Miscellaneous

Is the Minterest team sustainably funded?

At protocol launch, the team will be funded for the medium term and so will not require support from the protocol. This is deliberate because it means the protocol does not have to pay for administration services from its treasury surpluses, so more is available to accelerate its buyback processes. The buyback has a very significant positive influence on Minterest’s ability to attract liquidity which is why this is important.
The team is incentivised through team token allocations, although in a way we have not seen in other projects. A large proportion of team tokens will be held in an escrow account, with the intention they are not traded.
These tokens will be staked in the protocol and earn MNT from its buyback which will then be distributed to team members. It means the team is incentivised to focus on long term outcomes and in a way that aligns very much with protocol users.
The team’s tokens also vest block by block over 5 years, and after a 6 month cliff post launch, and again this is an indication of the team’s long term commitment to the project.

What is Minterest value proposition for the VCs?

Mostly, the VCs were attracted by the only thing that matters in any startup - network effects. Specifically, Minterest’s ability to generate more powerful network effects than DeFi peers. It does this via what is known as a flywheel effect, which powers the protocol’s liquidity mining architecture.

What does that mean and how does it work?

Positive network effects occur when each new user joining creates increased value for all other users. It results in more users making the whole system better, which also attracts more new users, which then makes it even better, and so on. Social media is an obvious example of how this works. With Minterest, the protocol captures 100% of the value it generates from its activity. This comes from interest rate income, auto-liquidation fees (via the protocol’s auto-liquidation process) plus flash loan fees (when governance processes enable these post-launch).
Minterest exchanges this captured value for MNT tokens on-market and then distributes these to users who stake their MNT to participate in governance processes.

Why does this matter?

Minterest issues 27,400 MNT tokens a day equally to lenders and borrowers, doing so over 5 years. This incentive mechanism in lending protocols is known as liquidity mining. This is very influential in users deciding to supply liquidity, since the value of these tokens directly contributes to overall yield. Minterest refers to these tokens as Emission Rewards. Two things determine the value of liquidity mining to users; the number of tokens they receive and their value.
In general, the number of tokens a user receives is largely determined by the amount of liquidity they supply and the amount of borrowing they undertake. This is calculated algorithmically based on a user’s individual proportion to all other users. It also means the number of tokens each user receives decreases as the protocol’s community gets bigger and more liquidity is supplied, since more people are sharing a fixed number of tokens. Such an incentive structure is therefore becoming less effective.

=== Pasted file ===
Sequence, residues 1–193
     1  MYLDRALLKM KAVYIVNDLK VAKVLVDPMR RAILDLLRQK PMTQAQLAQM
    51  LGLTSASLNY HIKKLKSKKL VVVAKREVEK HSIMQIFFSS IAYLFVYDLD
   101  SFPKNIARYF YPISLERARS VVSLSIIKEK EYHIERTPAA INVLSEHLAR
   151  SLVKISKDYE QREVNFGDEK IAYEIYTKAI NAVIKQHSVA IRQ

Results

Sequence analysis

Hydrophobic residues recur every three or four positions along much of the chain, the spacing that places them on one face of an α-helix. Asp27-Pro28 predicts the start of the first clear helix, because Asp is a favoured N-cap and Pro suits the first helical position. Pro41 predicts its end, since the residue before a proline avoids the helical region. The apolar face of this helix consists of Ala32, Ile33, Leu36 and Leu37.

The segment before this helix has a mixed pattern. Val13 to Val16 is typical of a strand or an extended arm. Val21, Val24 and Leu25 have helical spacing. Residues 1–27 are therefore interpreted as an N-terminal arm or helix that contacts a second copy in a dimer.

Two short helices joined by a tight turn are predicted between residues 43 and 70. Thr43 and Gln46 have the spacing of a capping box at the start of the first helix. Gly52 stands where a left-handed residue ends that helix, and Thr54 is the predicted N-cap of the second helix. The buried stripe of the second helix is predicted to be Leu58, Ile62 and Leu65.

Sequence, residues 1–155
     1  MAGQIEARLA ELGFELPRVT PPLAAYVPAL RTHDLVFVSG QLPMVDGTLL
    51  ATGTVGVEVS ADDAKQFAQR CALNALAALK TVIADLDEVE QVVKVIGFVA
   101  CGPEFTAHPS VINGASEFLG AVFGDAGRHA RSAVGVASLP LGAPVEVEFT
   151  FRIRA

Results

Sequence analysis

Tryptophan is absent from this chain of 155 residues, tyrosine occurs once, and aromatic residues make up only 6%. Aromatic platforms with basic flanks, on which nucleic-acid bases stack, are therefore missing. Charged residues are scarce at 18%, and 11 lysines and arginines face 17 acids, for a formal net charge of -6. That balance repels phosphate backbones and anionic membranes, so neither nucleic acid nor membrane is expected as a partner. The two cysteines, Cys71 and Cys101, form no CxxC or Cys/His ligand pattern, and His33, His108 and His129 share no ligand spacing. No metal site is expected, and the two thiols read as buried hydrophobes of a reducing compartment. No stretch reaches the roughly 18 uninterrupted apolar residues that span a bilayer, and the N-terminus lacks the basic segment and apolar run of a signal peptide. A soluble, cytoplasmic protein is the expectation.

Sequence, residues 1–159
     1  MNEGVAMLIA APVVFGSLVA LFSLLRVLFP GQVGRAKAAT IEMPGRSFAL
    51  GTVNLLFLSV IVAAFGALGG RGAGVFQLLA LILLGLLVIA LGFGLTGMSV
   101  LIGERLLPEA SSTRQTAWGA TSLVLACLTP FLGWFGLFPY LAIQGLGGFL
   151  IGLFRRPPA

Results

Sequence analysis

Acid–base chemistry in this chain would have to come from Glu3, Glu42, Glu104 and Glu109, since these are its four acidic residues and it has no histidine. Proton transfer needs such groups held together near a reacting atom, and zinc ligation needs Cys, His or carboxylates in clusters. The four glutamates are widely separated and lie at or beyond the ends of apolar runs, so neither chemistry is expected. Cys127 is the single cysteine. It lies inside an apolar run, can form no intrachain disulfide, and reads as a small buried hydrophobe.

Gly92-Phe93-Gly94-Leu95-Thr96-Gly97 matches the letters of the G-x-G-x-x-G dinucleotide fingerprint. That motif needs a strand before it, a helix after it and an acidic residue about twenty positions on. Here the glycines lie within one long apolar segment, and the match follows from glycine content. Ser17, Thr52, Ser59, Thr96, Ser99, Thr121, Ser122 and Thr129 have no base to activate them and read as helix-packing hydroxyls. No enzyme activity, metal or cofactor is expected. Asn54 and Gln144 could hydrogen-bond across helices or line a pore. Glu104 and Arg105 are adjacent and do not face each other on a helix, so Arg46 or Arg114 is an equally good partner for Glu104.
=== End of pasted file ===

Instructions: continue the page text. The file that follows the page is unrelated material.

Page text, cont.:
With Minterest, the more liquidity it attracts the more borrowing can occur.. More borrowing is what enables more value to be captured, which is what enables Minterest to spend more on the MNT buyback. This obviously positively impacts the value of MNT, given the protocol is a buyer in the market who otherwise wouldn’t be there. Increasing the value of MNT tokens positively impacts the value of its Emissions Rewards and so Minterest user yields, which in turn is instrumental in attracting more liquidity.
In short, increased liquidity is correlated to increasing MNT value and increasing MNT value is correlated to increasing liquidity. This architecture creates a powerful self-reinforcing flywheel effect, where each new user supplying liquidity creates added value for everyone else, and allows Minterest to outcompete its DeFi peers.
When VCs understood this, it really caught their attention.

What do Minterest's partners think about Minterest?

That’s a hard question to answer simply because it’s something best left for them to say. Also, a significant number of our upcoming partnerships are not yet public. I’m also aware of the danger of bragging before we have delivered anything. What matters in our team is not what has happened so far but launching the protocol and growing out TVL and its user ecosystem.
In an attempt to answer your question though, to some extent the quality of our current publicly announced partners, and there are more to come, does say something about the project and team.
We would also like to believe the quality of our advisors indicates much about the quality of the project. People like David Post, General Manager for Chainlink, is a key advisor we work closely with and Minterest is the only project he is involved with external to his work. We’d like to believe it’s a strong quality statement.
The same goes for Simon Schwerin, a partner at Iconomy, a key leading blockchain think tank, Matthew Niemerg, CEO at Alephzero, itself a sovereign cross-chain project being built out to cater for enterprise, plus Joeri van Geelen, previously Head of APAC for Prysm, the world’s leading blockchain economic modelling firm.
Finally, the quality of Minterest’s investors cannot be overstated, of whom we have a large portfolio, and so much so I wrote a blog post about it here: https://minterest.com/blog/introducing-our-partners
Last modified 1mo ago